What Makes Responsible Government Responsible?

How important is it for a Parliament to know which Ministers are appointed to administer which departments? This odd question has been at the centre of a furore in Australia in recent weeks. It has focussed attention on the legal and political requirements for ‘responsible government’, to use the characterisation of the relationship between Crown, Ministers and Parliament that is in common use in parliamentary systems in the British tradition, including those in Australia. It raises some intriguing questions for the construction of the executive chapter of the Australian Constitution, which are all the more important in times of global concern about democratic decline. Continue reading >>
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21 Januar 2022

Novak Djokovic and the Australian Migration System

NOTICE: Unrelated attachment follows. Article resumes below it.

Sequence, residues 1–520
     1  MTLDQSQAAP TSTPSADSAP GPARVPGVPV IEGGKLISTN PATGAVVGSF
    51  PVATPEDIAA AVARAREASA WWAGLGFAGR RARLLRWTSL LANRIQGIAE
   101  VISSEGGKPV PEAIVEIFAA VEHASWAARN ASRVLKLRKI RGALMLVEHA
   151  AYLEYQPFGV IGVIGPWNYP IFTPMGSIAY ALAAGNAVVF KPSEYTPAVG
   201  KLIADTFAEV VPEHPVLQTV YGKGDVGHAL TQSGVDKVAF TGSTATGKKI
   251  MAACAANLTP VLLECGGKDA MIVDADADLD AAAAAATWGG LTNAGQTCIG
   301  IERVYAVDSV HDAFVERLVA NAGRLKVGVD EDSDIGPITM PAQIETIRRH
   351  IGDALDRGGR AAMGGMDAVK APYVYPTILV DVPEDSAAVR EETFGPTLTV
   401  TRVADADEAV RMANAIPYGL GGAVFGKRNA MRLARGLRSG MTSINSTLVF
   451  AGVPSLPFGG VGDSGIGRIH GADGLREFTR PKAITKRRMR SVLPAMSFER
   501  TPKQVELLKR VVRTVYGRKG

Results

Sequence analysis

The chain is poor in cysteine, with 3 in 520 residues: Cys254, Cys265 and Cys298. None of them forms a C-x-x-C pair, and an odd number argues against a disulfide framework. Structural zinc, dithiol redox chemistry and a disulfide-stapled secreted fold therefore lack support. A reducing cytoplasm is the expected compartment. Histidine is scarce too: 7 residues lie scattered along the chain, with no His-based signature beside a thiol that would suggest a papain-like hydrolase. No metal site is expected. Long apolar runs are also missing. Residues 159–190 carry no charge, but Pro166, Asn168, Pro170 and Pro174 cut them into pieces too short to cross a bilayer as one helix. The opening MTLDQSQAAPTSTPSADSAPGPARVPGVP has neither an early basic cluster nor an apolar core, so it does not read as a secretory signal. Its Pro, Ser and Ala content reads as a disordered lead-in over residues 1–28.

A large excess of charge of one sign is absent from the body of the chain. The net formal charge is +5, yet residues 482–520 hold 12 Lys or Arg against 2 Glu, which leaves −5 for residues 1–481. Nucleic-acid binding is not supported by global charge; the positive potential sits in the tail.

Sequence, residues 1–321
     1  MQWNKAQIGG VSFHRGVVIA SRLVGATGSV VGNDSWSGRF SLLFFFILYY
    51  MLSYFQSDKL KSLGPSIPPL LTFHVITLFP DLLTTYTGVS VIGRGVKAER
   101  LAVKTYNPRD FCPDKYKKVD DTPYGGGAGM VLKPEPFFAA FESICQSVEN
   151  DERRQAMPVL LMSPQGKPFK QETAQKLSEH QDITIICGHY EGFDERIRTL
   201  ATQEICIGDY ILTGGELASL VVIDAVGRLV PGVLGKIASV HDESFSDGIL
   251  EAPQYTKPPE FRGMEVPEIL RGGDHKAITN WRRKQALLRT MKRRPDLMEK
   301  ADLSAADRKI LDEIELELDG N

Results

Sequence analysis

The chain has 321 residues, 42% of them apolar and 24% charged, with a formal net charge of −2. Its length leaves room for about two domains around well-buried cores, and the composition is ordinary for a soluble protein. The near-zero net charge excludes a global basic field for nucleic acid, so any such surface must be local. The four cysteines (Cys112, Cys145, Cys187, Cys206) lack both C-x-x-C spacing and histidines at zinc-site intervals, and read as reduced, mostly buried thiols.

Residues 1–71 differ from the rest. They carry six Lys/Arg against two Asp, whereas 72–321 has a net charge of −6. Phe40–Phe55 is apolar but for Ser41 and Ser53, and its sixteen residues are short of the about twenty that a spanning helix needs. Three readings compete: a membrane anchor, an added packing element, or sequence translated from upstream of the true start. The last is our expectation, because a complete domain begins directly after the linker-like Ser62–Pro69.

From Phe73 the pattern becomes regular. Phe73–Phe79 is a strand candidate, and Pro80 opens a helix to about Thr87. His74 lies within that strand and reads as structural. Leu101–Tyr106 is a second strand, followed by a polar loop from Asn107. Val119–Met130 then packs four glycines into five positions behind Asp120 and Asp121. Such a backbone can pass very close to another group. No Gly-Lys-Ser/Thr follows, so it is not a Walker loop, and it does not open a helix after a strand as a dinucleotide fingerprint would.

The cancellation of tennis star Novak Djokovic’s visa by the Australian government last week highlighted some of the legal contestations and confusion surrounding vaccination mandates, but also gave a glimpse of Australian migration and public law. There is hope that the proceeding will provide some momentum for the reform of its most controversial aspects. Continue reading >>
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14 Dezember 2021

Wie die Überwachung des öffentlichen Raums den politischen Protest in Australien aushöhlt

Während Protestbewegungen auf der ganzen Welt an Schwung gewinnen - von Extinction Rebellion, Black Lives Matter bis hin zu starken Pro-Demokratie-Protesten in Chile und Hong Kong - bauen Regierungen auf der ganzen Welt ihre Überwachungskapazitäten im Namen des "Schutzes der Öffentlichkeit" und der "Bewältigung von Notfällen" aus. Australien ist keine Ausnahme von diesem Trend. Continue reading >>